1969 The Divorce database is created at the Dominion Bureau of Statistics.
1971 The Statistics Act is revised.
1971 The Dominion Bureau of Statistics is renamed Statistics Canada.
1973 The United Nations publication, Principles and Recommendations for a Vital Statistics System, makes reference to Canada's national vital statistics.
1973 Vital Statistics Council meeting is held in Quebec City, starting the routine of holding every second annual meeting outside of Ottawa.
1973 Statement of Policy Governing Access to and Release of information from vital statistics records for research and statistical purposes was adopted by the Vital Statistics Council.
1974 Computerization leads to a major redesign of the vital statistics processing system at Statistics Canada.
1979 The ninth revision of the International Classification of Diseases (ICD-9) is implemented in Canada.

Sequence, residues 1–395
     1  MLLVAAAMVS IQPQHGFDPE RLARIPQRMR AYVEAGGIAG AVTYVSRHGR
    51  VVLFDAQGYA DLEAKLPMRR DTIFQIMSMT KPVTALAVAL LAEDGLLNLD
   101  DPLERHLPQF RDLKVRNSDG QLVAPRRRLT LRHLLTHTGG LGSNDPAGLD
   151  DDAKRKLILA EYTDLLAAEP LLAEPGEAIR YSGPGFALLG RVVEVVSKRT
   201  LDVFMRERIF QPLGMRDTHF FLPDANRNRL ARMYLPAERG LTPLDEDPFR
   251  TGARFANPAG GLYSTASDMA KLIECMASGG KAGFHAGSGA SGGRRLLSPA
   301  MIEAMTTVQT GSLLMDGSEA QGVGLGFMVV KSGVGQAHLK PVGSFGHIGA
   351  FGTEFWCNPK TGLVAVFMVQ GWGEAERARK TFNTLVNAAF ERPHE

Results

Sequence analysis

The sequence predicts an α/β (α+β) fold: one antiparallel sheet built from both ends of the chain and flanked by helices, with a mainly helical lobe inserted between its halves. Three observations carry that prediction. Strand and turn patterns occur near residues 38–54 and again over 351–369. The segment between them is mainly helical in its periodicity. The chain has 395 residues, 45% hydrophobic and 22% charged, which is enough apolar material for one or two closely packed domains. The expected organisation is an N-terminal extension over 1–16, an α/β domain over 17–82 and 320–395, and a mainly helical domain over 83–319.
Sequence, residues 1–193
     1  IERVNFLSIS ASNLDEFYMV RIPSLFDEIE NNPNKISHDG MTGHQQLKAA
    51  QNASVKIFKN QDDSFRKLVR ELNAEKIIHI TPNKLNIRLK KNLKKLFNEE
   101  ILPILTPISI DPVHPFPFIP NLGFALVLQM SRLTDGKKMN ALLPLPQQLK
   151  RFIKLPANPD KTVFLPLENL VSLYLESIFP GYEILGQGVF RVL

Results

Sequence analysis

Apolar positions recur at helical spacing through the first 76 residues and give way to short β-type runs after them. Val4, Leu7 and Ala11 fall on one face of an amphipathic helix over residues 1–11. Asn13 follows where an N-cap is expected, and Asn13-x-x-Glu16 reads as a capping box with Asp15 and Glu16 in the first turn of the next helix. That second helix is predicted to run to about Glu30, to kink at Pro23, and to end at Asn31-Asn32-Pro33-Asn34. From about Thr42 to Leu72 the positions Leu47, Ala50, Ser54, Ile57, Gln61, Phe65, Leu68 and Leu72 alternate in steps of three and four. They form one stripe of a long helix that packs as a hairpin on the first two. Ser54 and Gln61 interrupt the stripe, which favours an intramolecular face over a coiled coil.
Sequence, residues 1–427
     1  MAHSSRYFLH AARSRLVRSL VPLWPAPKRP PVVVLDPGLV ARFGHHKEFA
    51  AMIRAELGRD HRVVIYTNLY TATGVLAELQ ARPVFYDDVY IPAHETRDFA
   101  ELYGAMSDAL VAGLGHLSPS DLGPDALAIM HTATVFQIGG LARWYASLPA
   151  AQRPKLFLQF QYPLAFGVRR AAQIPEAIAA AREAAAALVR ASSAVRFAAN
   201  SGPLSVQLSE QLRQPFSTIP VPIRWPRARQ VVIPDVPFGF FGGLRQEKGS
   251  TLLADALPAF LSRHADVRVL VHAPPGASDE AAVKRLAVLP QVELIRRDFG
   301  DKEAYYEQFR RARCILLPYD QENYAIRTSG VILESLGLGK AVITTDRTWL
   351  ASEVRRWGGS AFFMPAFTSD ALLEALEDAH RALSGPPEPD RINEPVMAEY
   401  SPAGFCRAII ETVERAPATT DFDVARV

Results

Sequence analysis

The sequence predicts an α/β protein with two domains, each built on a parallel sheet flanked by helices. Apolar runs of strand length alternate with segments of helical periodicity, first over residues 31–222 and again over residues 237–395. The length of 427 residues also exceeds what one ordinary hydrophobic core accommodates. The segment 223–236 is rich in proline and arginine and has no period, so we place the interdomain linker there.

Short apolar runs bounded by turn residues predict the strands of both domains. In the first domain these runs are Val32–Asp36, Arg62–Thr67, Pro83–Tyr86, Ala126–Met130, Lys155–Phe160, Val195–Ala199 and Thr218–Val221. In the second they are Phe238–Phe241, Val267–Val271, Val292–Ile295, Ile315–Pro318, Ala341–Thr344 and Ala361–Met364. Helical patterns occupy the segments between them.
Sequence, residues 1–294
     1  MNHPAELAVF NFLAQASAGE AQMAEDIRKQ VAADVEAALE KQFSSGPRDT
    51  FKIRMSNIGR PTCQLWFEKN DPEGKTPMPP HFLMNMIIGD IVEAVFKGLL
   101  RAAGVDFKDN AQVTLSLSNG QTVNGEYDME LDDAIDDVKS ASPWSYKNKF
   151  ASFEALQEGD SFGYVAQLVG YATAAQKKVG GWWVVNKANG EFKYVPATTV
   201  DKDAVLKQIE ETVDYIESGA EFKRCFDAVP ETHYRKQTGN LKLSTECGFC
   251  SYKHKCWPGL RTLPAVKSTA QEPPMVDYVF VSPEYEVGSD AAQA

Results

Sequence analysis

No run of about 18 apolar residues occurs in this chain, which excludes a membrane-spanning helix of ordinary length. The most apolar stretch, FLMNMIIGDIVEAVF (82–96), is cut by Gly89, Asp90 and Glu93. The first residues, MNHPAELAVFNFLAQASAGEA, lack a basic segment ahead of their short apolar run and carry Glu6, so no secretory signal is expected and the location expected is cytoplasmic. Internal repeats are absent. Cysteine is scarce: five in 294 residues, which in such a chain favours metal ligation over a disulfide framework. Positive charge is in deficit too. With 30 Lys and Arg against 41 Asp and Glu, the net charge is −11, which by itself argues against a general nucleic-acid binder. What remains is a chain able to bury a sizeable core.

1980 Principles of vital statistics registration were discussed by the Vital Statistics Council.
1988 Creation of the National Health Information Council (NHIC).
1989 Health Division becomes the Canadian Centre for Health Information (CCHI) at Statistics Canada.
1989 Health Reports, a Statistics Canada Quarterly, is launched.
1990 National Health Information Council (NHIC) commissions a National Task Force on Health Information.
1993 Incorporation of the Canadian Institute for Health Information (CIHI).
1994 Canadian Centre for Health Information (CCHI) becomes the Health Statistics Division at Statistics Canada.
2003 Following provincial court rulings in 2003, vital statistics registries in Ontario and British Columbia started registering marriages of same-sex couples.
2004 Subsequent rulings by courts in Quebec, Manitoba, Nova Scotia, Saskatchewan, Newfoundland and Labrador and the Yukon expanded the number of jurisdictions registering same-sex marriages.
2005 A court ruling in New Brunswick allowed same-sex marriages, a month before federal legislation legalized same-sex marriages across Canada, on July 20th, 2005.
2010 Marriages and divorces programs cancelled by Statistics Canada.